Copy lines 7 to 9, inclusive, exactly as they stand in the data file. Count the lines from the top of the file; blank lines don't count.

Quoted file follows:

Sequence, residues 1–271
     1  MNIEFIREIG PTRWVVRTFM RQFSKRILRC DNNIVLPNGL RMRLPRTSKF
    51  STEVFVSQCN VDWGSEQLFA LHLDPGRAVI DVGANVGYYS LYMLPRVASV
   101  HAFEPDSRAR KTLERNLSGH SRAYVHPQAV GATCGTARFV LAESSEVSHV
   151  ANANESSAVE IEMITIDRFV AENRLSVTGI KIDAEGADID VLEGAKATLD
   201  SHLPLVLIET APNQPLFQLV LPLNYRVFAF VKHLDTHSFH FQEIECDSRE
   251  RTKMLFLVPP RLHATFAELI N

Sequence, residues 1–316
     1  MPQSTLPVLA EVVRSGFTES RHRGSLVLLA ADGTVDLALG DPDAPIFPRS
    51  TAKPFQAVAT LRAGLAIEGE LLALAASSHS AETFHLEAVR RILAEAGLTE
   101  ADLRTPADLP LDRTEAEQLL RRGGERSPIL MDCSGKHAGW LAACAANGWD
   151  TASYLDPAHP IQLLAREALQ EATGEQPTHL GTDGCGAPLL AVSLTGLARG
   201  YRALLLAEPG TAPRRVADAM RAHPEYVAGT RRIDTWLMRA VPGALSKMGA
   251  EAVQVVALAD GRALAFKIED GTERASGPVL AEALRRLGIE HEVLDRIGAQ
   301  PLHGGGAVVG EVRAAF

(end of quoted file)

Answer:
   251  RTKMLFLVPP RLHATFAELI N

Sequence, residues 1–316
     1  MPQSTLPVLA EVVRSGFTES RHRGSLVLLA ADGTVDLALG DPDAPIFPRS